Dr. Isaac Blacksin is a graduate of the History of Consciousness Department at UC Santa Cruz. In 2019-2020, he was the recipient of THI’s Yearlong Dissertation Completion Fellowship. He is currently serving as a 2021–2023 Postdoctoral Fellow in Communication as part of the USC Society of Fellows in the Humanities. In March, we discussed Dr. Blacksin’s evolving research work, pedagogy, and the role that interdisciplinary thinking—and the humanities more generally—can play to uphold or challenge practices of gatekeeping and exploitative labor that can flourish in higher education.
Hi Isaac! Thanks for chatting with us about completing your PhD, your ongoing research, and your current position. To begin, could you give us a general synopsis of your dissertation project?
Hi there. Thanks for inviting me to speak about my work. My dissertation explores the lived experience of armed conflict and its mass mediation. It asks how violence shapes – and is shaped by – news representations of war, and how journalists manage the twinned pressures of war and its narration. Based on years of ethnographic fieldwork in Iraq, Syria, and Lebanon with journalists from the New York Times, Al Jazeera, NPR, and other international news organizations, the dissertation challenges dominant conceptions of war by revealing how representational authority comes to be. Analyzing the practice, language, and politics of war reportage, I show why news coverage of conflict, widely presumed to function as a critique of excessive violence, instead serves to sanction official rationales for war. I hoped to capture the limits of journalism in wartime and the possibilities entangled in war reportage for knowing war anew.
Your dissertation argues that how war becomes meaningful through journalism is critical for understanding and responding to violence in the world. What can journalistic production, and especially war reportage, teach us about the way we craft narratives and memories to sustain conceptions of the world?
War reportage both elicits and satisfies popular desires for a particular reality of war, a reality that centers the morality of militarism while mystifying its political logic. Journalistic focus on individual suffering, I argue, displaces attention to those systems that cause suffering, and the meaning of war in this way transforms from the effects of policy on populations to the effects of violence on the innocent. Narrative is the mechanism through which this transformation takes place. Narrative “makes the real desirable,” as Hayden White puts us, and it does this by imposing upon events the formal coherence of a story, a coherence that responds to and reproduces a normative order. The reality of warfare, as given in the news, appears to speak for itself by displaying a certain coherence – of victims and perpetrators, killing and saving, justified force and criminal violence – that “summons us from afar” (in White’s memorable phrase) in its articulation of what we are already primed to expect. Narrative in this way mystifies those things unsuited to a dominant conception of war – killing as saving, for example, law as criminal – and thereby unsuited to the coherence imposed as common sense. The task, as I see it, is to disassemble the coherence of war that journalistic narrative attempts to make total. The task is to challenge conventional meanings for war by understanding how particular they can be, and how authority is constituted through the narrative concealment of this particularity.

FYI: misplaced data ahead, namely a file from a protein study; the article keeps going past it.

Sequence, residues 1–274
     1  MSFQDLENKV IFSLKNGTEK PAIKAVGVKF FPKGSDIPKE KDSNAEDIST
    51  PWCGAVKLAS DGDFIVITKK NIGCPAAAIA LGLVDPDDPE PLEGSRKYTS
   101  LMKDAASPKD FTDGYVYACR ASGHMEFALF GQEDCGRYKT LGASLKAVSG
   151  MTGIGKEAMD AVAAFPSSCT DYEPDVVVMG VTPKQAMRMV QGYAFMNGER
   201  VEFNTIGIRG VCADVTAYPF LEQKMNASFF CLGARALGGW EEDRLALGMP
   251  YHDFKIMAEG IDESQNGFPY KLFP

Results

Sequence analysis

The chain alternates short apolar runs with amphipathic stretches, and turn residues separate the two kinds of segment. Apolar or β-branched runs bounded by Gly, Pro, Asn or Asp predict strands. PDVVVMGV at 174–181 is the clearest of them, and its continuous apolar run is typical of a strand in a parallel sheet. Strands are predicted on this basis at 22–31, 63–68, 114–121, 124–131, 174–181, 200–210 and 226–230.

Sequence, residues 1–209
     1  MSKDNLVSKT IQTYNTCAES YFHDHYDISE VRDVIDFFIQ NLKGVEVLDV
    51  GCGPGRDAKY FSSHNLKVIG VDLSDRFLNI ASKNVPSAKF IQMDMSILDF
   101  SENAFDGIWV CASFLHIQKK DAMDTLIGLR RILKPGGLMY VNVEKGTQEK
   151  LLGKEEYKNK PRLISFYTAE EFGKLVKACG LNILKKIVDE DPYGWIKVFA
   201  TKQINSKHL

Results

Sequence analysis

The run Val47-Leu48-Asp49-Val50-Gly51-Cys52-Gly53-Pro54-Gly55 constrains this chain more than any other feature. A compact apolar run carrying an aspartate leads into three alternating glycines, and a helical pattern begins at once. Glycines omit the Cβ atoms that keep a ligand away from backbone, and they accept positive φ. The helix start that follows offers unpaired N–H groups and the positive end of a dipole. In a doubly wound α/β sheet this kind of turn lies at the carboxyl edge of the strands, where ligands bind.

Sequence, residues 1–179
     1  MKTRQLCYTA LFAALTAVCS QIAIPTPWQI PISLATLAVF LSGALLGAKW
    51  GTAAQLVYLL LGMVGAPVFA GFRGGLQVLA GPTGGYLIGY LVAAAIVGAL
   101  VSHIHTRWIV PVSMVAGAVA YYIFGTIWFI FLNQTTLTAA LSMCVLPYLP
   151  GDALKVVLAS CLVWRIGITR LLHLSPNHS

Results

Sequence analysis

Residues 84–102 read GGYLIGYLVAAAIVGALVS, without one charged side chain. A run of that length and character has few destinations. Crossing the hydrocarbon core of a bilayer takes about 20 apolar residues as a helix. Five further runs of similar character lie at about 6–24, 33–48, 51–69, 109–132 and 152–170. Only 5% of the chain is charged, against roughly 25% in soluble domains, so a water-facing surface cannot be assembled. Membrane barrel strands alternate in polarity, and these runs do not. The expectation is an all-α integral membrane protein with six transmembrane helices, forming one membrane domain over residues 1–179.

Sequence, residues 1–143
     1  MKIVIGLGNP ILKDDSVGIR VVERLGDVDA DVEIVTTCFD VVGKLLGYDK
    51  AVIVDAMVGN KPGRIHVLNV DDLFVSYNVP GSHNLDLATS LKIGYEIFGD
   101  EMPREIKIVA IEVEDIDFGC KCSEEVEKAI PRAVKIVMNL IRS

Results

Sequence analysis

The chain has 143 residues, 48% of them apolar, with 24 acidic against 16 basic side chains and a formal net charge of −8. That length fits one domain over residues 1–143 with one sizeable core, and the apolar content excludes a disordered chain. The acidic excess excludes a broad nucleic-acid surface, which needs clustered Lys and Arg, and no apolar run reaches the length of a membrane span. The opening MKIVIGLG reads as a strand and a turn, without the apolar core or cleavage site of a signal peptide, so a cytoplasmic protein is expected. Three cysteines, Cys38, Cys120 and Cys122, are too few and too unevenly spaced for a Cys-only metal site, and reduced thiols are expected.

You are serving now as a Postdoctoral Fellow at the USC Society of Fellows in the Humanities. How has your research project evolved since you graduated? What are some of the questions driving your writing right now?
The dissertation is now a book under contract with Stanford University Press, titled Conflicted: Making News from Global War. And I’ve also been researching for two new projects. The first is an ethnographic study of the civilian body as a central but contingent figure in the imagination and activity of military conflict. Building on fieldwork conducted in Iraq, Afghanistan, and recently in Ukraine, this project tracks the way suffering civilians are forensically and ideologically positioned – in war crimes investigations, NGO fundraising, military targeting protocols – in order to interrogate the prominence of the civilian casualty as a site of empathy and vengeance. The second new project maps connections between warmaking and filmmaking, looking at how those who fight wars respond to cinematic representation, and how cinema both registers and transforms what war is imagined to be. From action-movie screenwriters tasked by the Pentagon to brainstorm speculative military scenarios, to combat veterans employed as consultants for Hollywood war films, to military “training villages” staffed by ethnic actors and special-effects artists that simulate the cultural conditions of warfighting, the enmeshment of war and cinema is strange and consequential. These new projects extend the questions posed in my dissertation: What do we know of war, what are the boundaries of this knowledge, and how are these boundaries policed or contested by those producing knowledge from war?